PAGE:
Why do grown men in America have such a difficult time discussing something that happens to women all around the world? It happens to their wives, daughters and mothers every single month. “It” is her period, or menstrual cycle.
Recently, I experience this disgust amongst my own friends. When I proudly displayed the Menstrual Hygiene Kits that I have been making, all of the women in the group were interested and excited, but the men completely shut down. If we can’t talk about it in 21stcentury America, I can only imagine the conversations that are not taking place in less-developed parts of the world.
For many of us, when we first start our period, we often have our loving mothers, a wise older sister, or a caring aunt to explain what is happening to our bodies. They tell us what to do and give us sanitary pads to use. But for some, even in the United States, our own mothers won’t broach the subject. Unfortunately, the subject of menstruation still has a stigma attached to it. This is still true in the developed world, but especially so in developing countries. In many cultures, young girls are sent to a shed for the 7 days it takes for them to shed the blood that has accumulated in their uterus. It is all part of the cycle of life and it is an amazing thing that happens to women that allows us to become mothers, to give life to another human being.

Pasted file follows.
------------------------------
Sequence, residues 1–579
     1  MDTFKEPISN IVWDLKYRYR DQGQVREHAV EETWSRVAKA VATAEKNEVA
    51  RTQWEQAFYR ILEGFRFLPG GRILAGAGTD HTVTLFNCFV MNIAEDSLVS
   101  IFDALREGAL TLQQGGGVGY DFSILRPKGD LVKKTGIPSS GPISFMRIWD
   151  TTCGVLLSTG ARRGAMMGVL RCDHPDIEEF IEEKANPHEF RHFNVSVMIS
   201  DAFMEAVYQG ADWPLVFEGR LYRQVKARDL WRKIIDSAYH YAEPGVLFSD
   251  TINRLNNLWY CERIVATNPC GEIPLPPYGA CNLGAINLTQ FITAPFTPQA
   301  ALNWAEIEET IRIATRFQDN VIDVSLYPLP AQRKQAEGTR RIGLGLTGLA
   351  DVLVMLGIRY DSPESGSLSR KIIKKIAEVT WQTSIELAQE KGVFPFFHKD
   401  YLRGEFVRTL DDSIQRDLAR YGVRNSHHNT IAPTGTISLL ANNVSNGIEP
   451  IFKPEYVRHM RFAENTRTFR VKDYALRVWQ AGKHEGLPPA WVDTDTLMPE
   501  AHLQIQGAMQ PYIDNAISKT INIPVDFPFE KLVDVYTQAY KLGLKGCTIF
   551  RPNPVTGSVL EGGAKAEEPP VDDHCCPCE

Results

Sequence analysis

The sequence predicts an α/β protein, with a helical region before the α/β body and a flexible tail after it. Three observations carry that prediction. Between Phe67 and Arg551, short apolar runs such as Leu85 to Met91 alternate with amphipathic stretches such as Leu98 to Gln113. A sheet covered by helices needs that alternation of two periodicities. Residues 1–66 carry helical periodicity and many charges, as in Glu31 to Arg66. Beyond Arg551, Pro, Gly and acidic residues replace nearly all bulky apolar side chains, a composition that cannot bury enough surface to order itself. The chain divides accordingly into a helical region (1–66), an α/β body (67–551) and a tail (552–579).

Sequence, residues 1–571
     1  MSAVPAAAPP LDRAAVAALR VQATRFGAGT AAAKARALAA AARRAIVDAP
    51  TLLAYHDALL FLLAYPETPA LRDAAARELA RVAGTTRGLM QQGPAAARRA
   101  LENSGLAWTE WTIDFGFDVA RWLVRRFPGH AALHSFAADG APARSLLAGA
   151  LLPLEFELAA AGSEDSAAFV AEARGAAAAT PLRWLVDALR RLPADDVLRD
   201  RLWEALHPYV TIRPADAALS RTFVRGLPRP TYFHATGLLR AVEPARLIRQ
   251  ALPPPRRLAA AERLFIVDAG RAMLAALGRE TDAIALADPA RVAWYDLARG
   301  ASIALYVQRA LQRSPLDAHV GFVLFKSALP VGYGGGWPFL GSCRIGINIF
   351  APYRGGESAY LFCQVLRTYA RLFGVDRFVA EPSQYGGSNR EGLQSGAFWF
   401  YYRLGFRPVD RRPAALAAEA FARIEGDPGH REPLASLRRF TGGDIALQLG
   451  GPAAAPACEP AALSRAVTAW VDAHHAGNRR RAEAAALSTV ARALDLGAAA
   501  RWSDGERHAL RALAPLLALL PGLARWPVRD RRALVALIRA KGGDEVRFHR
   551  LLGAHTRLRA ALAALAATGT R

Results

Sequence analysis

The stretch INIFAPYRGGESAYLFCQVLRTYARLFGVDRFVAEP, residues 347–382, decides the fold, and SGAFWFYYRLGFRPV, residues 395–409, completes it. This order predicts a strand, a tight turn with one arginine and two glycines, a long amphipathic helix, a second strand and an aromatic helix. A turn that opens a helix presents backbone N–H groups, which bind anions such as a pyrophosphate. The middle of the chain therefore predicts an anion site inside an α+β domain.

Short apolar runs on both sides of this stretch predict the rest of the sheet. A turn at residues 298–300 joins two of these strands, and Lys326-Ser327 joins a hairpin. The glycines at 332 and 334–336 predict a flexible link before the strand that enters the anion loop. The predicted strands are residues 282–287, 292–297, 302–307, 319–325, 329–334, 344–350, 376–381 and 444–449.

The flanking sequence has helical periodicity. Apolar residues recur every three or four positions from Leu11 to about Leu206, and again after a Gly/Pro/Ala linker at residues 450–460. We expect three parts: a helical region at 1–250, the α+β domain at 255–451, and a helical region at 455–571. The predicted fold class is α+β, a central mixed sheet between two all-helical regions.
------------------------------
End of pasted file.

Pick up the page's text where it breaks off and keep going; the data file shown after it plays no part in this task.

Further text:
In Nepal, young girls often miss a week of school each month because they do not have anything other than an old rag or leaves to protect their clothing from blood stains. There are many products on the market to use during this time of the month, but most of them are not re-usable or sustainable. The Menstrual Hygiene Kits that we are making will protect a girl from embarrassing “accidents” and will last several years.
When we distribute the kits to a group of girls we also provide a class about how to use the kits. This program is part of The TEJ Initiative. TEJ (also known as The Educational Journey) was designed and written by Dr. Anju Ranjit, specifically for girls in grades 9-12 in rural Nepal. The girls meet weekly with mentors to discuss important topics that are not being addressed in their schools or homes. Our goal is to keep these vulnerable girls in school and give them the tools to realize their dreams.
We are establishing a small production center in Nepal, where women will make Menstrual Hygiene Kits. The kits will be made with materials purchased in Nepal and will be provided to girls who cannot afford to purchase menstrual hygiene supplies. With your help, Project for a Village will be able to support not only young girls but also local village women who will be producing the kits. The cost of each kit is $8.00 and includes 2 panty liner shields, 4 absorbent pads, 1 pair of panties, washing soap and plastic bags to use as a “washing machine.” Each kit will also provide the woman who made it with a small salary and allow the production center to purchase supplies to continue the project. Help us keep our girls in school, and provide an income for other women while doing so.
Please see our website, www.projectforavillage.org for more information.